A €600,000 wage support measure for agricultural enterprises is about to be launched to help with the berry growing sector to hire people who have lost their job. Farmers desperately need more labor and have asked for foreign workers to be let into the country from June 15.
The scheme has been launched by the Ministry of Social Affairs, the Ministry of Rural Affairs and the Unemployment Insurance Fund. Up to 750 unemployed people may be hired with its help, according to estimates.
Support will be paid to employers active in berry, nut or fruit growing who hire a person registered as unemployed who has been unemployed for the past three months or has engaged in temporary work for less than 30 days during that period.
The size of the support per month is 50 percent of the gross wage paid to the employee, but no more than the national minimum wage, which is €584 this year.
The support is paid during a period for up to three months per employee. It will only be paid only for the months for which the employee has been paid a remuneration taxed with the unemployment insurance tax.
Minister of Social Affairs Tanel Kiik (Center) said in a statement on Thursday: "The field of agriculture has found itself in difficulty finding workers in the spring and summer of 2020 due to the restrictions on the movement of labor stemming from the COVID-19 crisis, whereas simultaneously unemployment has increased everywhere in Estonia.
"The wage support to be made available will enable companies engaging in berry growing to hire local labor on more favorable terms, while on the other hand offering to the people left without a job due to the crisis a possibility to do seasonal work as long as they have not found a new permanent job."
Minister of Rural Affairs Arvo Aller (EKRE) said the wage support enables businesses to pay more competitive wages without significantly increasing costs for the businesses.
"I hope this measure will help to find necessary seasonal workers for berry growing businesses," Aller said.
The application period is expected to open on July 1, after the terms of the measure have been formally endorsed, and the measure will be in effect until the end of 2020. Unemployed people eligible for the measure will have been hired on June 1 or later.
Farmers demand foreign labor be let in from June 15
Representatives of Estonian farmers sent a letter to Prime Minister Juri Ratas (Center) and members of the government ahead of Thursday's government meeting, demanding that foreign labor be allowed to enter the country again from June 15.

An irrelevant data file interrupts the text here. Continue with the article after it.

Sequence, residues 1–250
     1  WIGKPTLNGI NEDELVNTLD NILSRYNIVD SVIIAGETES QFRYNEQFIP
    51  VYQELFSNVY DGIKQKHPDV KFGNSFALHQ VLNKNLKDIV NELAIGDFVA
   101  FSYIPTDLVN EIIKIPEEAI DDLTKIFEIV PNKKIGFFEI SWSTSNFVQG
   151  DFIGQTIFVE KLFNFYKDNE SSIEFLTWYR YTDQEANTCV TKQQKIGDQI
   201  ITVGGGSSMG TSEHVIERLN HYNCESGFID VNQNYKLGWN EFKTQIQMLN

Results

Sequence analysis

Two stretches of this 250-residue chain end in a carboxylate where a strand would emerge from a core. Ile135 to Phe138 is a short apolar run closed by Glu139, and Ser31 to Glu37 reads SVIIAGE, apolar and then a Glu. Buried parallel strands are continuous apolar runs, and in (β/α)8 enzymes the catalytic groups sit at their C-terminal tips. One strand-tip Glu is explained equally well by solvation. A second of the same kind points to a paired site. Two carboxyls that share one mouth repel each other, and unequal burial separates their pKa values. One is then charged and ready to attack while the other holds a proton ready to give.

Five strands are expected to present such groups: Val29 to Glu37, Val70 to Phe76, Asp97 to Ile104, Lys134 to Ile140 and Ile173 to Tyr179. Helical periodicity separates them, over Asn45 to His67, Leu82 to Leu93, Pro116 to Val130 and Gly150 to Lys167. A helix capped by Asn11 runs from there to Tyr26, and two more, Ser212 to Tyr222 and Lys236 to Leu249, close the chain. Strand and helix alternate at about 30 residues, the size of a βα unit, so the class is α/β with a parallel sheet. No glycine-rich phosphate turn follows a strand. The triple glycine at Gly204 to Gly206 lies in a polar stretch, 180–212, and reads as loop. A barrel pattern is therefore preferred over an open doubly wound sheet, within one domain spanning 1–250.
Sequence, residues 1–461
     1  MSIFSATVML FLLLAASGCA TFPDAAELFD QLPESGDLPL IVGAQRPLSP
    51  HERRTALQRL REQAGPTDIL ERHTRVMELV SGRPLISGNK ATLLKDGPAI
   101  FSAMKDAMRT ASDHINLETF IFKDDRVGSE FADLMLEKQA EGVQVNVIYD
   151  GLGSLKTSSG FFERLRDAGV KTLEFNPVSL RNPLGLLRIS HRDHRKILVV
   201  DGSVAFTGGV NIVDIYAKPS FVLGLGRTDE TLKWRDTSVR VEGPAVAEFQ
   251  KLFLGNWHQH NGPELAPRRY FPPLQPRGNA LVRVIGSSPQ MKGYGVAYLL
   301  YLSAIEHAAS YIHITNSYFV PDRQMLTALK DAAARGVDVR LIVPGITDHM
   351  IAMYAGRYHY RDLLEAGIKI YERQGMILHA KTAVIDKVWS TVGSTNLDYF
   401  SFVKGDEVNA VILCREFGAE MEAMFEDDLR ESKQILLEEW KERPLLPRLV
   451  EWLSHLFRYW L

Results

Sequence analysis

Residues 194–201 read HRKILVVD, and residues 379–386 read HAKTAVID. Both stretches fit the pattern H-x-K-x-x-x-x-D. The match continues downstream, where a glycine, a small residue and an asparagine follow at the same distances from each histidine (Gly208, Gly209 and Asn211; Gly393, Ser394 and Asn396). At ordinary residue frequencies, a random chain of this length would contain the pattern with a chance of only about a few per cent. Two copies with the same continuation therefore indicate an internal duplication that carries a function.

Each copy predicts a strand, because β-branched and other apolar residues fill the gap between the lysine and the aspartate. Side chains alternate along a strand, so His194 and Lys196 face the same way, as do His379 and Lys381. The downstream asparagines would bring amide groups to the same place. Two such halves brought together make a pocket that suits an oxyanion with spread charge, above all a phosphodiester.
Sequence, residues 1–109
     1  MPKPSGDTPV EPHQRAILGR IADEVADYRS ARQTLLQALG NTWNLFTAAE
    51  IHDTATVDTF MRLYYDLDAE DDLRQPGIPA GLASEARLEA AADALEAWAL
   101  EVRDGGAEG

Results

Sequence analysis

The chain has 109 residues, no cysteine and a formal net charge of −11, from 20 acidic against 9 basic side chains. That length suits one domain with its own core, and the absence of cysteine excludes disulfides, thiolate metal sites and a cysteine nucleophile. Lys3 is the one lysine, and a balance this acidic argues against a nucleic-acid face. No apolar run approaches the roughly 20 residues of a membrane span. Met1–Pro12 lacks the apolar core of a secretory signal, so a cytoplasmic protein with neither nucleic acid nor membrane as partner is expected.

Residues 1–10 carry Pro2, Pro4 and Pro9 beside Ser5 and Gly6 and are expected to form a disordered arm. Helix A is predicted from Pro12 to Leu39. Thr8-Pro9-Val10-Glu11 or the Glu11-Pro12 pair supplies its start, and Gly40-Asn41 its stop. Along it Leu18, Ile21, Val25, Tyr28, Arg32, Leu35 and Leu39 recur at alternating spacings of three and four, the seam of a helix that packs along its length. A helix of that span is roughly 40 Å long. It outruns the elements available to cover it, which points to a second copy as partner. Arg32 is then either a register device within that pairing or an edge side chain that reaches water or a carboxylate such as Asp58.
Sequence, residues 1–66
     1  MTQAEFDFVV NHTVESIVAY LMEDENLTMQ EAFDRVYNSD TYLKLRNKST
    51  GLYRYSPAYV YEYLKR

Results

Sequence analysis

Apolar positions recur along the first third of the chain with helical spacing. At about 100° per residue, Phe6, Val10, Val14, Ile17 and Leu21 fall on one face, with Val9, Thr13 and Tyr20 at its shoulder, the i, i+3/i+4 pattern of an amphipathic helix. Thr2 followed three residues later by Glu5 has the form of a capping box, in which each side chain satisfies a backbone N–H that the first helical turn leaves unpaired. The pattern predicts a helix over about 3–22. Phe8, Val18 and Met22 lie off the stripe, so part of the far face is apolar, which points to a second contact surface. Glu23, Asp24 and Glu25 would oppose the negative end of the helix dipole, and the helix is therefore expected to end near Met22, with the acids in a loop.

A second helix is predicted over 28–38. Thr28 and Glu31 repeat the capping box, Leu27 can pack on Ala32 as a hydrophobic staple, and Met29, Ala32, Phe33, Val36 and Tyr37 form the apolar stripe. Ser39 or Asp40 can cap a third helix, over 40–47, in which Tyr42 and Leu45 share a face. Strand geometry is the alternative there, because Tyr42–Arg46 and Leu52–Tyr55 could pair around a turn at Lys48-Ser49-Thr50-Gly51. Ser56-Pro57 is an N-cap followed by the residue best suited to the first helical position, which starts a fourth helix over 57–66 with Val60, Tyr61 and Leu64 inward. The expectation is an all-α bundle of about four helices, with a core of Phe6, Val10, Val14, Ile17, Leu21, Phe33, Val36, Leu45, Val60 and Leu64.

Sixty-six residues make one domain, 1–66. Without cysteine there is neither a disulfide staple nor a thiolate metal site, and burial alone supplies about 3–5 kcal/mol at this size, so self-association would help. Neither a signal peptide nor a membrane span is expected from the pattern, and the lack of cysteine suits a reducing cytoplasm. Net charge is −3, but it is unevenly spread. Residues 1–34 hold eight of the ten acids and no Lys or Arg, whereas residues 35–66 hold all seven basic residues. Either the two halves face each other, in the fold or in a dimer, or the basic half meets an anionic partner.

The letter says that even though negotiations have been held "in the silence of offices" already for a couple of months and a public discussion has been going on for weeks, the government has not heeded the farm sector's call and permitted the only possible solution for the workforce crisis.
The farmers say that representatives of farmers met with Ratas on May 27, receiving a promise from the head of government to help and search for a solution for farmers' workforce problem.
"There is no solution to date, and if it is postponed beyond next Monday, June 15, we will be in an extremely difficult situation. Valuable strawberries will be left rotting in fields. Promises hold no worth today anymore. We need rapid decisions and actions," the farm sector representatives said in the letter.
The letter points out that the move would cost nothing for the government and the farmers are not asking for money.
"We are asking for the right to do our job with the helpers who are prepared to help us. The sensible countries of our region are doing it. Finland increased the number of Ukrainian seasonal workers first from 1,500 to 4,500, and then from 4,500 to 9,000. The Finnish government also opened their borders to the workforce from Estonia. Because the Finnish government understood that this workforce is needed. Why doesn't our government understand the concern of its business operators?"
The farm sector representatives also pointed out in the letter that according to statistics from the tax authority, Estonia's rural enterprises paid more money to the state in labor taxes in the first quarter of this year than in the same period last year despite a reduction in turnover caused by the crisis.
"What indeed are you fighting against, fending off workforce?" the letter asks.
"Why do not members of the government believe the assessment of the minister responsible for public health that health risks related to foreign labor are not an obstacle to permitting controlled cross-border movement?"
The letter points out that the domestic measures for easing workforce shortage promised by the government are either still being prepared or will take effect in the fall at the earliest. It says that, therefore, the alternative solutions currently being talked about will not help alleviate the problem of seasonal labor for the agricultural sector this summer.
Editor: Helen Wright